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Asgard Plateau – The Norse Secrets of The Blue Mountains

Asgard Plateau – The Norse Secrets of The Blue Mountains

Not far from the Upper Blue Mountains town of Mt Victoria lies the Asgard Plateau, an area of the escarpment tucked in between the upper reaches of the Grose River and the pretty Victoria Creek.

While not a large area, there are many interesting features and excellent lookouts that can be visited. Most popular is the well signposted walk from Victoria Falls lookout at the end of the road, down to the spectacular Victoria Falls.

However, many of the best views in the area come from the five heads of Asgard Plateau – Odin Head, Asgard Head, Thor Head, Valhalla Head and Ikara Head – which were named by early bushwalker and conservationist Myles Dunphy, mostly after gods and places from Norse mythology.

Explorers TomRachel and friends shared with us a recent trip they did in this incredible part of the Blue Mountains. Read on to enjoy what they experienced over the two days.

Asgard Plateau blue mountains hiking
Making your way across areas of the swamp is made easier with some handy logs like this, but don’t rely on it, you may get wet feet.

Asgard Plateau blue mountains hiking
A lookout across from Ikara Head. Some very big cliffs here. Remember, don’t get too close to the edges. Please get back in one piece 🙂
Asgard Plateau blue mountains hiking
Crossing the swamp to Girraween Cave. Make lots of noise so any snakes can sense you coming and get out of your way. Sorry, we don’t want to put a downer on things but…
Asgard Plateau blue mountains hiking
The Australian bush can be an incredibly dense area to hike in. Knowing where you are and where you’re going is critical in these areas.
Asgard Plateau blue mountains hiking
Happy hikers!
Asgard Plateau blue mountains hiking
Getting over some of the rocky areas requires sure footing and good balance.
Asgard Plateau blue mountains hiking
The Lost Pillar. Can you see it?
Asgard Plateau blue mountains hiking
Making your way down can be tricky. Go steady. Try to have three points of contact at all times. Be safe out there 🙂
Asgard Plateau blue mountains hiking
Incredible views from the top!
Asgard Plateau blue mountains hiking
Asgard Swamp from above.
Asgard Plateau blue mountains hiking
Interesting rock formations on Thor Head. Could this be Mjölnir?
Asgard Plateau blue mountains hiking
Looking across from Thor Head to Burramoko Head.
Asgard Plateau blue mountains hiking
Some deep rock crevasses. Make sure you can get back if you do try to jump across. It’s OK, nobody was lost on this trip.
Asgard Plateau blue mountains hiking
Thor Head cliffs.
Asgard Plateau blue mountains hiking
Thor Head. Impressive.
Asgard Plateau blue mountains hiking
A nice camp spot by a large pagoda. Getting that sweet spot is part of the fun.
Asgard Plateau blue mountains hiking
Yummy! Dinner time and guess what was on the menu?
Asgard Plateau blue mountains hiking
FONDUE!!!!
Asgard Plateau blue mountains hiking
Mackenzie Coal Mine. Abandoned. Enter at your own risk.
Asgard Plateau blue mountains hiking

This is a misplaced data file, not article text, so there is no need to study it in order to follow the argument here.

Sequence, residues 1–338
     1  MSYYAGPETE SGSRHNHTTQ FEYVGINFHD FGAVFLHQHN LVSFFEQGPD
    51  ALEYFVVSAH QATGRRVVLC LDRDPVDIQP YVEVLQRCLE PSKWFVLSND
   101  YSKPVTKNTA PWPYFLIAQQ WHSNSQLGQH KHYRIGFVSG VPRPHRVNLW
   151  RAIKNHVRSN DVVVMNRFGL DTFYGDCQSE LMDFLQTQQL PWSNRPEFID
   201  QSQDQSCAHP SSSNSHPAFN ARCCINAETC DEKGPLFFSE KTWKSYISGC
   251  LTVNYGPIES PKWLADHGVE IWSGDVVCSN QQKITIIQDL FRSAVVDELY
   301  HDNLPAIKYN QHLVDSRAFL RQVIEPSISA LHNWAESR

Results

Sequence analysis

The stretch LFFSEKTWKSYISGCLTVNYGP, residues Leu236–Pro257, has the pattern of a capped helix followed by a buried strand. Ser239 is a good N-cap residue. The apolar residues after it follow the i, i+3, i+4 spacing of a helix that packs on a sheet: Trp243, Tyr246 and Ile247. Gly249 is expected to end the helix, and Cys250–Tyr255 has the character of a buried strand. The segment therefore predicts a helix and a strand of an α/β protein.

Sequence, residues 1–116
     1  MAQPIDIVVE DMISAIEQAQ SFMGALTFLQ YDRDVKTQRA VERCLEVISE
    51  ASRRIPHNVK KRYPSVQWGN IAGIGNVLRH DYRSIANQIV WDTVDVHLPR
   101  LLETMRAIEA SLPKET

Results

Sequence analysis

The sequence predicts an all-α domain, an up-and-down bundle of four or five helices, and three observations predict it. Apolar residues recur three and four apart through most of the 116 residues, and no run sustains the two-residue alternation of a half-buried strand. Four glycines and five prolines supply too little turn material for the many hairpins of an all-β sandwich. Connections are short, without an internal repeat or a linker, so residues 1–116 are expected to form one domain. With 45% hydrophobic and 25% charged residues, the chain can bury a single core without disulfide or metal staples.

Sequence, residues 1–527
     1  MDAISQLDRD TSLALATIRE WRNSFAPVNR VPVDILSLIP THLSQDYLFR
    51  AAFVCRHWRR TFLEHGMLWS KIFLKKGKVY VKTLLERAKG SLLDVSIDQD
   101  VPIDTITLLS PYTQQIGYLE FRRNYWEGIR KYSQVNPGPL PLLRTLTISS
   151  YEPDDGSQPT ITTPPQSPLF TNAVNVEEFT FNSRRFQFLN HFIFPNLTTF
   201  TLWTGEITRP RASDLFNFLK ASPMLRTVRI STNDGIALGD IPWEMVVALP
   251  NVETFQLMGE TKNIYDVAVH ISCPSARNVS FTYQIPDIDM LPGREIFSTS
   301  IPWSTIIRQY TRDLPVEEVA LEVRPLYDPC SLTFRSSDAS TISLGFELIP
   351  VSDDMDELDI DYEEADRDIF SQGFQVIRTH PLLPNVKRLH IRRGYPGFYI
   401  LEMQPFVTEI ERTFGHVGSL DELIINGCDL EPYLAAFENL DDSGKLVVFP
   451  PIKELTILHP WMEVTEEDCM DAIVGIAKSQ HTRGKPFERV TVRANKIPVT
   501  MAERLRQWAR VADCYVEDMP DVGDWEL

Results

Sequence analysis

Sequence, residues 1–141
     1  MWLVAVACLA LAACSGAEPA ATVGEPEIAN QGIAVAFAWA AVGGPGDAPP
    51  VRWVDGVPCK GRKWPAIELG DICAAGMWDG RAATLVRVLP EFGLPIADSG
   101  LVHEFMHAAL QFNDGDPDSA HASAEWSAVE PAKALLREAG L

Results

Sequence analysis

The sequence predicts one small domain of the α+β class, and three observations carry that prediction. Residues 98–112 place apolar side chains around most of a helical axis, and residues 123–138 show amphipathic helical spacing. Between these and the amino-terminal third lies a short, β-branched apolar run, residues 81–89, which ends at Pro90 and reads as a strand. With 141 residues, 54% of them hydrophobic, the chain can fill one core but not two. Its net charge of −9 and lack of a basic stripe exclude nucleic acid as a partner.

Looking out from inside the mine.
Asgard Plateau blue mountains hiking
A lookout over Victoria Falls.
Asgard Plateau blue mountains hiking
Victoria Falls.
Asgard Plateau blue mountains hiking
Grose Valley. Not gross, obviously.
Asgard Plateau blue mountains hiking
Banksia.
Asgard Plateau blue mountains hiking
A BIG drop!!!
Asgard Plateau blue mountains hiking
That first coffee in the morning, brewing on the camp fire is always a special moment.

Our explorers met up with some fellow friends who have been including their young one into the fantastic world of exploring. By the looks of it, she is already a seasoned hiker. Very cute.

Know What You’re Doing

Both Tom and Rachel and the others in this party are all experienced bushwalkers and know how to navigate using map and compass.

We highly recommend only going to these areas with an experienced walker, who knows the area and/or can navigate with map and compass. Or why not join a bush walking club where you can experience these areas for yourself in a safe and fun environment. You will have the opportunity to learn skills such as bushcraft and navigation, amongst others. The knowledge you gain will broaden you adventure possibilities, enlighten your understanding of the bush and keep you safe.

If you want to take your children hiking, then start with small steps. Don’t go big on the first attempt. We shared some tips on taking children hiking recently. Don’t worry, the parents of this little one are very experienced hikers and navigators and this was on the easy going part of the trip.

Thanks to Tom and Rachel for sharing this great trip with us. There are so many incredible places to see out there, and right on our doorstep.

The original post can be found here along with an impressive list of other adventures these guys have both been on together.

All photos: ©Tom Brennan

Opening words by Tom Brennan

Jason Lorch

Author: Jason Lorch

Born and grew up in Wales but now a fully fledged Aussie. A passionate mountain biker, hiker and general nature addict. I’m also a bit of a muso and enjoy a good craft beer every now and again (probably too often).

I hope what we do here at Tyres and Soles will inspire people to get out there and experience first hand, the natural wonders that surround them.

So, pump up those tyres, don your favourite boots. Grab a mate, a partner, a pet… and head out into nature. But tell us all about it when you get back.

Chief editor at Tyres and Soles.

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